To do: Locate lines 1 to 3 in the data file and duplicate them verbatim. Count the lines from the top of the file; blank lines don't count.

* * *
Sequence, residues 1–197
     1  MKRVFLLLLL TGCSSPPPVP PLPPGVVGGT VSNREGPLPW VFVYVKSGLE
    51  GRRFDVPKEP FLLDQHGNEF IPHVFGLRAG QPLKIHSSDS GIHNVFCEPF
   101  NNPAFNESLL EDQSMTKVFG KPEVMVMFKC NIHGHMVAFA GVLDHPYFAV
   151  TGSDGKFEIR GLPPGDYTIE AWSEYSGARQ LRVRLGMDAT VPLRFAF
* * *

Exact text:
Sequence, residues 1–197
     1  MKRVFLLLLL TGCSSPPPVP PLPPGVVGGT VSNREGPLPW VFVYVKSGLE
    51  GRRFDVPKEP FLLDQHGNEF IPHVFGLRAG QPLKIHSSDS GIHNVFCEPF